The defendant’s hands clutch the bar anxiously as the bailiff reads out the charges: Gross pecuniary impropriety. Aggravated exploitation. Felonious greed.
The court of public opinion is back in session. Profit is on the docket again. The prosecutors open their cases.
“We have some bills in the Senate that are calling for the taxing of the windfall profits of the big oil companies who are making out like bandits.” - Former President Obama
“Today, despite record-breaking profits, corporate income taxes only bring in 11 percent of total federal revenue.” - Senator Bernie Sanders
“News outlets deserve better than to be chopped up, stripped for profit, or promoting owner interests.” - Rep. Alexandria Ocasio-Cortez
“I called out shady mortgage lenders who exploit veterans for profit.” - Senator Elizabeth Warren
Four prosecutors, four different ideas about what profit is. Mr. Obama positions it somewhere between luck and plunder. Sen. Sanders sees it as a debt owed to Washington. Rep. Ocasio-Cortez suggests it’s like sterling newsprint spools—a hidden asset found within even a money-losing newspaper. Sen. Warren fashions it a type of sausage made of ground-up veterans.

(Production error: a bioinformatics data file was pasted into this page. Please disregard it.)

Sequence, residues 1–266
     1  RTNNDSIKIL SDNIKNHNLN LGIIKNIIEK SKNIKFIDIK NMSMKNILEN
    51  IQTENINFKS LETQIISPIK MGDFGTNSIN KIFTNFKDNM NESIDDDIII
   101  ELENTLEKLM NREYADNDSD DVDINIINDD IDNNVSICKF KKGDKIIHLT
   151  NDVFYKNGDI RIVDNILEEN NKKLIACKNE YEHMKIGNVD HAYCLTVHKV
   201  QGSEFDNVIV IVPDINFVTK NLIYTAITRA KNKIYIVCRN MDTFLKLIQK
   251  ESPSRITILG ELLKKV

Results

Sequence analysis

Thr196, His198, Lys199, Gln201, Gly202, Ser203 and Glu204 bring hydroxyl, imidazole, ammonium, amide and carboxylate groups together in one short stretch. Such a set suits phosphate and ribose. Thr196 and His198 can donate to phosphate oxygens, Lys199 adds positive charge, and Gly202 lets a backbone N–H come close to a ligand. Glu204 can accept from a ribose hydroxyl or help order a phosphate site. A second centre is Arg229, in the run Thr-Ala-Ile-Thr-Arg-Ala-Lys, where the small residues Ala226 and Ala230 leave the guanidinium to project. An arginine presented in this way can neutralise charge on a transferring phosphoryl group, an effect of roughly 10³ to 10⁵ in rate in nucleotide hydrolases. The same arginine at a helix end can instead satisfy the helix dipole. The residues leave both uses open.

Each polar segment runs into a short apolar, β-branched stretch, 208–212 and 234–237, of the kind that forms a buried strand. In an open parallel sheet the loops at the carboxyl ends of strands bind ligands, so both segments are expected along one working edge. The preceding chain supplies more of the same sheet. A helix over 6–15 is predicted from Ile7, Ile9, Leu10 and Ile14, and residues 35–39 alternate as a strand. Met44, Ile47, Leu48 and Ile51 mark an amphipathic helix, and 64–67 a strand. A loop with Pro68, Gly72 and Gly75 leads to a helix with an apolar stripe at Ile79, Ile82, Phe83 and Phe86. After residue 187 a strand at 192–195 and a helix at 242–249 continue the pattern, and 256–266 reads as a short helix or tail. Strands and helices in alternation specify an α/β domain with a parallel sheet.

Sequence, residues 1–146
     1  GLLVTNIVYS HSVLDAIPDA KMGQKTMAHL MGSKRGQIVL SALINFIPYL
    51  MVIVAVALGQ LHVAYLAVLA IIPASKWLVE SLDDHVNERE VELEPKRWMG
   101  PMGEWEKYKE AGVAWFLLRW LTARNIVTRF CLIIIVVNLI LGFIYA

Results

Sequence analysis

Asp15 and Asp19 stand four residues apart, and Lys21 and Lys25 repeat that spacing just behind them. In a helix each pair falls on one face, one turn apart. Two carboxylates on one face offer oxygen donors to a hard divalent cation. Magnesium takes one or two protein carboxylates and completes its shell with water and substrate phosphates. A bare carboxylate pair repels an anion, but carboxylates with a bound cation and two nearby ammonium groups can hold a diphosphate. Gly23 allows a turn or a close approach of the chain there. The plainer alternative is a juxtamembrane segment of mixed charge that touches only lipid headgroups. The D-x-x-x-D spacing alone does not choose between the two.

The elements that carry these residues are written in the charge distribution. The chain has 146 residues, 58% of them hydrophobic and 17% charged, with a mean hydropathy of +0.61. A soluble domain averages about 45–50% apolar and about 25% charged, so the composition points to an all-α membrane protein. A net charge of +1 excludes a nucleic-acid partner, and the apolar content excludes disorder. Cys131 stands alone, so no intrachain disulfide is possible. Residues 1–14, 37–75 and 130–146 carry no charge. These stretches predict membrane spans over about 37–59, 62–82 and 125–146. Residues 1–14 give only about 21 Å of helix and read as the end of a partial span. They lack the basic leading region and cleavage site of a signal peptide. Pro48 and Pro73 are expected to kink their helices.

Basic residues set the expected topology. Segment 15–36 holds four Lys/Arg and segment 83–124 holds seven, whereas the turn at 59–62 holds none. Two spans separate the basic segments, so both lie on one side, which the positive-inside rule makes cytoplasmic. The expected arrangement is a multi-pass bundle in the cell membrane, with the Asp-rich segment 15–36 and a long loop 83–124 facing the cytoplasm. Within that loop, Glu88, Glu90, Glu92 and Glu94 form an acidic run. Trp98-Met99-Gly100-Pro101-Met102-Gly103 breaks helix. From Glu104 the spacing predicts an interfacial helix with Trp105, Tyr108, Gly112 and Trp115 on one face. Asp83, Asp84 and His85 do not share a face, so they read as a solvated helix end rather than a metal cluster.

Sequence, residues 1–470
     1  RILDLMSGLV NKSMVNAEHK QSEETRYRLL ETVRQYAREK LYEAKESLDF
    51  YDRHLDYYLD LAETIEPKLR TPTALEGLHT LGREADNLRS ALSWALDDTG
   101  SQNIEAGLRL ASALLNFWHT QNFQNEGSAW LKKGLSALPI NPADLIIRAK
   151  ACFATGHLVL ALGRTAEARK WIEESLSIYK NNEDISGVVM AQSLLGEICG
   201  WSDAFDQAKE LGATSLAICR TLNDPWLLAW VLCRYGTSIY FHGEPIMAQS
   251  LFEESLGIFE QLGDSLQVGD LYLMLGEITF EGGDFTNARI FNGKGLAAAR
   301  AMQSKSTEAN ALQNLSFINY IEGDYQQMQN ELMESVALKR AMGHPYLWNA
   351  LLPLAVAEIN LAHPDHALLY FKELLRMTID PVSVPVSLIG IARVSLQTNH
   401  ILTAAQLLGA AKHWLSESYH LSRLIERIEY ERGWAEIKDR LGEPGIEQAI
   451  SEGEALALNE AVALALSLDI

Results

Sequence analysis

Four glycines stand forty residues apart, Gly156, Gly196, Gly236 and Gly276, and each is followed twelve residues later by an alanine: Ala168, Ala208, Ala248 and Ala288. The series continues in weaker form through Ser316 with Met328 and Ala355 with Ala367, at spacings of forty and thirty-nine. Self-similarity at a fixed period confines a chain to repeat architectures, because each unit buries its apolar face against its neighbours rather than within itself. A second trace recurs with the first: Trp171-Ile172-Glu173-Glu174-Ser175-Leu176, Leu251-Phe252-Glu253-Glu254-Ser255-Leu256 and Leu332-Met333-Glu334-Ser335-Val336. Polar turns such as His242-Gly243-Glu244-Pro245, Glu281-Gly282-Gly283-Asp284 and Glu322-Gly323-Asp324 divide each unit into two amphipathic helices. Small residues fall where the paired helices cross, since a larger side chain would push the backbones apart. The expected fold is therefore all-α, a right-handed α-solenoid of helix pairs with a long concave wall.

The one thing these four agree on is that they’re against it.
Let’s set the record straight, starting with what profit means. You know the accountant’s definition: how much revenue you took in minus how much you paid in expenses. But if you dig beyond the accounting abstractions, what does it really mean in terms of people’s lives?
You own a restaurant. It consumes the physical resources of beef, onions, and labor. It creates physical meatloaf, table service, and ambiance. You can’t do arithmetic on onions or ambiance, so if that were the whole story, you couldn’t talk about a profit or a loss.
Profit requires another ingredient: a market where your customers vote on how much your meatloaf is worth in dollars and where your suppliers and employees likewise put a price on your inputs. They tell you how much your meatloaf means in their lives and how much they value the resources you consumed.